Young writer-director Ari Aster scared the you-know-what out of people a couple of years ago with “Hereditary” and got a performance out of Toni Collette that some deemed award-worthy.
I didn’t care for the film. I was bored by its meandering style and overlong run-time, its lack of focus and its insistence in graphically depicting grotesque violence.
I don’t care for his new film, “Midsommar,” for most of the same reasons: It’s so predictable that it’s boring, it’s at least 30 minutes too long but feels like 60, and I don’t need to see a skull busted open more than once.
I don’t need to see it at all, but I went in knowing that this is a filmmaker who bludgeons audiences as much as he does his characters.
“Midsommar” does offer another reason to be disinterested: These characters are as dumb as a box of rocks.
The first character we meet is Dani, a disturbed young woman who’s as anxious about her troubled sister as she is about losing her boyfriend, Christian, who’s tired of Dani’s drama.
Dani is played by English actress Florence Pugh, a fast up-and-comer recently seen in “Fighting with My Family” and sure to break out with this winter’s “Little Women.”
She is the film’s biggest asset in spite of being forced to cry repeatedly as part of her performance.
Jack Reynor (“Sing Street”) plays Christian, who sticks with Dani following a tragedy and even invites her to join him on a guys trip to his friend’s home village in Sweden.
That’s despite there being a lot of problems between this couple, which go to Europe with them unresolved.
These young men are grad-school guys looking for a good time, and when they hear their buddy Pelle describe a nine-day festival in the woods, they apparently envision women and alcohol.
There are women and mind-altering substances in many forms in this step-back-in-time, farming/commune-like place, where the sun rarely sets and the pageantry includes dressing up, dancing and chanting.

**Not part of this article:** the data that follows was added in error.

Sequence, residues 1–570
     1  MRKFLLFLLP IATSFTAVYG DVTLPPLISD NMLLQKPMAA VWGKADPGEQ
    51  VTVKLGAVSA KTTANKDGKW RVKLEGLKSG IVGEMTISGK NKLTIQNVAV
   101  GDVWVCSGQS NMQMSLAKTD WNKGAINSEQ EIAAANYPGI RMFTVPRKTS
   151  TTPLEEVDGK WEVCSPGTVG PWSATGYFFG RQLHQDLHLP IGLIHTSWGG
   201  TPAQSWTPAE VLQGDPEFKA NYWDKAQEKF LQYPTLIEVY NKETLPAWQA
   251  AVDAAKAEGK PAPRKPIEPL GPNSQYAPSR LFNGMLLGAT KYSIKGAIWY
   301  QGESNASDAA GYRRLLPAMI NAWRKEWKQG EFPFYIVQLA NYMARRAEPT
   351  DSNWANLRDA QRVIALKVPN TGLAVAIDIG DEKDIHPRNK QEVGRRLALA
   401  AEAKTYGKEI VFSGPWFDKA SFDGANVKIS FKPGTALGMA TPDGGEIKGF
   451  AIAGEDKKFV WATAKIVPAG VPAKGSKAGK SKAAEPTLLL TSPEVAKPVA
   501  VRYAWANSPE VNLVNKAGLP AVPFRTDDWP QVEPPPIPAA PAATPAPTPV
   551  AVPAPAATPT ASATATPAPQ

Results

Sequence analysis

“Sounds like fun,” says one member of the group, which really should have done better research before taking this European vacation.
Their long, strange trip soon becomes their hosts introducing them to one secret ritualistic ceremony after another.
Everything here seems a little off, and that’s confirmed when the rituals become deadly. The pagan rituals.
It’s immediately evident that it will be difficult to leave this place alive, but there’s no fight-or-flight reflex in these young people.
Not one but two members decide: This could make for a fascinating thesis subject. Grad students, sheesh.
Before even hitting the midway point of this two-hour-plus monster, there’s not a rational thought for the rest of the film, but there’s always a constant flow of the hosts offering “Eat this” and “Drink this” mysterious substances to keep these 20-somethings off-balance.
All is consumed, with little or no resistance. Why?
Aster certainly has an intriguing visual style that is at times beautiful and disturbing in its own right, keeping the audience off-balance as well.
But I found it impossible to appreciate the plot being predictable throughout, especially when this is supposed to be suspenseful.
The filmmaker is definitely shooting for dread in showing these people’s actions, but human sacrifices and odd sex acts became so ludicrous that I found myself laughing out loud at inappropriate times.
The laughter was largely aimed at a self-important filmmaker who thinks that with “Midsommar” he has something important to say about our perceptions of life, death and cultural beliefs.
But all I could think of was an opening half-hour in which a story was developed that made me curious to see where it would go but which was abandoned in favor of a silly, bloody attempt at shock theater.
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